Evidence Suggests Neanderthals Hunted Cave Lions

Germany Cave Lion SpearTÜBINGEN, GERMANY—Neanderthals may have hunted cave lions (Panthera spelaea), according to a Gizmodo report. Paleoanthropologist Gabriele Russo of the University of Tübingen and her colleagues examined the remains of four Ice Age cave lions previously unearthed in Germany. Marks on the bones of one of the lions, which lived about 48,000 years ago, suggest that it was hit with a wooden-tipped spear, a weapon known to have been used by Neanderthals. Study of the paw bones of the other three lions, which lived around 190,000 years ago, revealed that they were butchered in a way that removed their claws along with their fur, perhaps to preserve the pelt for ornamental value. “These interactions encompassed not only the cultural use of lion body parts but also the ability to hunt them,” Russo explained. “Initially, this behavior was exclusively attributed to our species, Homo sapiens,” she added, noting that there is no evidence that modern humans or any other hominins lived in the region at the time these lions were butchered. To read about the relationship between humans and lions in a variety of cultures, go to “When Lions Were King.”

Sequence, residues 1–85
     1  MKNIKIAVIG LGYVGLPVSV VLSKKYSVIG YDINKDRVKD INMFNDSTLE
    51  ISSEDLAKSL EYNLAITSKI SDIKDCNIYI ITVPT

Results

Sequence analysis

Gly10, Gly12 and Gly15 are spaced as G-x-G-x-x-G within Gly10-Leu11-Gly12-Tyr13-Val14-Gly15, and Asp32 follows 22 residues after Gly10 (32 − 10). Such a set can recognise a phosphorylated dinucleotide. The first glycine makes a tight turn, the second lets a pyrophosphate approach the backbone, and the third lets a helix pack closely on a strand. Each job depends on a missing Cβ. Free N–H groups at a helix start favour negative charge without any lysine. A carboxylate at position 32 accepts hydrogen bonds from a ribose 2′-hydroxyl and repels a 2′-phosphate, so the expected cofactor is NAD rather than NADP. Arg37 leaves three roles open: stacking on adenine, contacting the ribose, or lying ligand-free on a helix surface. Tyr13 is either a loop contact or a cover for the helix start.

Source: archaeology.org

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